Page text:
LOWELL | Downtown merchants are upset about the walls of snow they say are blocking access to their shops.
Several of them complained to the Town Council, sparking a discussion of what the town's role is or should be when snow piles up and there is nowhere to put it.
"This winter is a little unusual," said Renae Helton, owner of Aunt Nae's in the historic downtown district. "Times are bad enough. Then, to lose business to the snow, it's difficult."
Councilman Robert Philpot, R-2nd, said a letter from some business owners leads him to believe the town needs to find a solution.
"It's close to impossible for customers to get to the sidewalk," he said.
The downtown district lies along Ind. 2. Plowing has created walls of snow along the pavement, blocking access to the sidewalk and stores.
Councilman Craig Earley, D-1st, said the council must consider whether it could help all businesses if those in the one-block downtown are helped with snow removal.
"Where would we stop?" Earley asked.
Director of Public Works Greg Shook said it cost the town $1,800 in overtime, without considering fuel, maintenance and other costs, for the five hours it took street department crews to remove snow in the downtown area and haul it away in dump trucks. That was done twice during recent heavy snows.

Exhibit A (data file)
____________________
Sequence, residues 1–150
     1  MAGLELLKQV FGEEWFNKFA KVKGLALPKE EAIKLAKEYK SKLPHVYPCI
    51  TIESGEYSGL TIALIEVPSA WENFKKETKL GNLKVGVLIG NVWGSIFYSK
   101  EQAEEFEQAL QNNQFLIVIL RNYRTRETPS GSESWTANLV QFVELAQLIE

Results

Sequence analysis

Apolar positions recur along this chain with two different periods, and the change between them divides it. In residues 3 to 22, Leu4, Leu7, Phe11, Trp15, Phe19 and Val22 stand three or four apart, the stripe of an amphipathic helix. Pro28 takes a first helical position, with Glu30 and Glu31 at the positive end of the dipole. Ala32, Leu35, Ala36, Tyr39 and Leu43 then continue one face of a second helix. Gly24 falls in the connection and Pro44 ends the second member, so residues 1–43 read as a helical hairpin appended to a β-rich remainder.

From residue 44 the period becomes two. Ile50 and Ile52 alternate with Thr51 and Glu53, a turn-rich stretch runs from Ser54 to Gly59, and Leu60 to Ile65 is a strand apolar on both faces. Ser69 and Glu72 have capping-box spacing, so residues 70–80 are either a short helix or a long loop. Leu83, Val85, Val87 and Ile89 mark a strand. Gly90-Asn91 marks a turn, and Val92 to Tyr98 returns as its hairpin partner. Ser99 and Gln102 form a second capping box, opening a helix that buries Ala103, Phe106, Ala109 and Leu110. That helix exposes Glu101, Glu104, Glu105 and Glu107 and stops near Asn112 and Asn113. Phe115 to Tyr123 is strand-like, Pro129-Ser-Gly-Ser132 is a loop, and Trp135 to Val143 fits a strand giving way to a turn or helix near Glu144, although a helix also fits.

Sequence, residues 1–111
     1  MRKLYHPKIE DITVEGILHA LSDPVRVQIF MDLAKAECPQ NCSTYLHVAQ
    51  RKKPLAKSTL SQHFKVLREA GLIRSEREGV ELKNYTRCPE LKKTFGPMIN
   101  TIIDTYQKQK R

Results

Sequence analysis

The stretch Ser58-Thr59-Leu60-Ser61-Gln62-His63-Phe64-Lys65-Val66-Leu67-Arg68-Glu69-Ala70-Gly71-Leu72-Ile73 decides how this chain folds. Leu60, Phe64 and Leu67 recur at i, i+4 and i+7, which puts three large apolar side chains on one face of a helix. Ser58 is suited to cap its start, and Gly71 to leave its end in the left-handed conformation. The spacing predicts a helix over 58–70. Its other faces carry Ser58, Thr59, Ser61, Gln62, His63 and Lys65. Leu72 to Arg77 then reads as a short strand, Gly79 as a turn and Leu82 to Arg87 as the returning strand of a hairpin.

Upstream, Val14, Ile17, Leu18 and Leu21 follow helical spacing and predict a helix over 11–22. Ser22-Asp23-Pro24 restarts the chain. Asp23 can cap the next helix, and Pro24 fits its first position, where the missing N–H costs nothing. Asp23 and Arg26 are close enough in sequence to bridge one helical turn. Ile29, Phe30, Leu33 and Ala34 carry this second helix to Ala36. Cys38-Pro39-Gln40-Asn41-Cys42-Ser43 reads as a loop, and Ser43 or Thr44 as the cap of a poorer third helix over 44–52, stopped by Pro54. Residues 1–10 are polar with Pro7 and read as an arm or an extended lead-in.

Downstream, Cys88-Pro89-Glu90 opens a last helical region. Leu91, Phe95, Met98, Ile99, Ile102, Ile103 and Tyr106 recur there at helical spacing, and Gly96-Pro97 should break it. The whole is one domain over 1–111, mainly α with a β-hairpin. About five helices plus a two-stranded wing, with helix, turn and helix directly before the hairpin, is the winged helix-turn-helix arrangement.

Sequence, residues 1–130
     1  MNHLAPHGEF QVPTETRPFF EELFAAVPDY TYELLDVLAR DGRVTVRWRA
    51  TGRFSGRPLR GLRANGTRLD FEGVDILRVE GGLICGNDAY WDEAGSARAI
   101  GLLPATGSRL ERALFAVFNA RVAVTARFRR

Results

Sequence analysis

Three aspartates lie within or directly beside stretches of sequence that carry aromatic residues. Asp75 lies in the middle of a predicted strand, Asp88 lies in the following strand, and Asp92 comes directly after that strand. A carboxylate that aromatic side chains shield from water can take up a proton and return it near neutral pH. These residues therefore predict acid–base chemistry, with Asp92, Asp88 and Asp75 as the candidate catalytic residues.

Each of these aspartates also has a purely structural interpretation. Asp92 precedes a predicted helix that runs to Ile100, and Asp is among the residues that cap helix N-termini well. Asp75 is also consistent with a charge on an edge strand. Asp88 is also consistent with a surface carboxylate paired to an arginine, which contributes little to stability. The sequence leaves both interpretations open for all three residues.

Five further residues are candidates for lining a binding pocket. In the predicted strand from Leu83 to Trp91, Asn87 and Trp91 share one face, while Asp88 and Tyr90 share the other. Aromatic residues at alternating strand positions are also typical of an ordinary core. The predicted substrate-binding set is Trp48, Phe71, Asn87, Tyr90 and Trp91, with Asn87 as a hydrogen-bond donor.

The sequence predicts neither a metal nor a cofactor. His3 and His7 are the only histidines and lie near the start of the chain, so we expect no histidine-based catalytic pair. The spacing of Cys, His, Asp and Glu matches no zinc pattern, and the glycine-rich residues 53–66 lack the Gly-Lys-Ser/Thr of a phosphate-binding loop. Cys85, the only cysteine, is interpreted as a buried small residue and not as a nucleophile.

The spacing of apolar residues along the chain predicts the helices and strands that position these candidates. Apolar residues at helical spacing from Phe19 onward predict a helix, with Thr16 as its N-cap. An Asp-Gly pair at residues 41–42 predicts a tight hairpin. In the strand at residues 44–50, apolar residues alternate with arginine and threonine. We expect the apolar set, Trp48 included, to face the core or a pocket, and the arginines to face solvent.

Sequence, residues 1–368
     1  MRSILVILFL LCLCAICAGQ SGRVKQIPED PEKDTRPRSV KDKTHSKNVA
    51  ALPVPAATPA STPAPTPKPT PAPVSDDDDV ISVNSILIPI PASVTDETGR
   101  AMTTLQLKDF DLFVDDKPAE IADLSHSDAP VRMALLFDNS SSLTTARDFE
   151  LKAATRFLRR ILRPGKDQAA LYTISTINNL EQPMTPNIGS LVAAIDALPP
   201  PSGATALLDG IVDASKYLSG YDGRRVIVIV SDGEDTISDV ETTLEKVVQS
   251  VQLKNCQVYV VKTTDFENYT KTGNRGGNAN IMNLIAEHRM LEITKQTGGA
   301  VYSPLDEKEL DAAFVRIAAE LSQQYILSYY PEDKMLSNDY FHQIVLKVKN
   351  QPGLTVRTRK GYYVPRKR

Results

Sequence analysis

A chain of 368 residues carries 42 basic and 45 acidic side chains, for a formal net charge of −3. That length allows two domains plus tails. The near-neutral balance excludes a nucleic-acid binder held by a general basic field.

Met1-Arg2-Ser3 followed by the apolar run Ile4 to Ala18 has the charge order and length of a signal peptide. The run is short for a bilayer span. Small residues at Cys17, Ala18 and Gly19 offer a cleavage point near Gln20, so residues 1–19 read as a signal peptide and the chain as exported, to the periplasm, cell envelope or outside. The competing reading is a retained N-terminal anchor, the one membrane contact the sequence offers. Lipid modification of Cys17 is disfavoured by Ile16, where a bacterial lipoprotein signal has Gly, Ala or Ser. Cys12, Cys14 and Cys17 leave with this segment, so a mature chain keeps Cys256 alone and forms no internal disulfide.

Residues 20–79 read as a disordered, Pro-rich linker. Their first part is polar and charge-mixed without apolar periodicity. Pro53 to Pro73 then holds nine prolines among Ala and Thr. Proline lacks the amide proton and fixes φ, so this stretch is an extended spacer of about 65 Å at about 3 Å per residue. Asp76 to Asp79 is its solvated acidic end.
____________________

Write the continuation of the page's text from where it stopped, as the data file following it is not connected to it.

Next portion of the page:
Jim Sickinger, of Sickinger Jewelry, and Helton said they appreciated the two times the snow was removed.
"We're not here asking you to shovel our sidewalks ... but the situation is a safety issue," Sickinger said.
He suggested the town and merchants could be vulnerable to lawsuits if known safety issues are not addressed.
Philpot said parking in areas to be plowed is also an issue.
Town Attorney David Westland said the council approved, but did not have codified, an ordinance in 2008 that made it unlawful to park on any town street during the 12 hours following a snowfall of 2 inches or more.
Council Vice President Don Parker, D-3rd, said that is difficult to enforce, particularly in extreme snow conditions such as those recently experienced. He said his neighbor was forced to park in the street because there was literally nowhere else to go.
Police Chief Erik Matson said officers tracked down owners of vehicles parked on Ind. 2 and got the vehicles removed without issuing citations.
Shook said he will tally expenses related to snow removal and provide that to the council when it meets next.
Councilman Phillip Kuiper, D-4th, commended Shook and his crews for a job well done. He said those coming to Lowell were impressed with how well the streets had been cleared.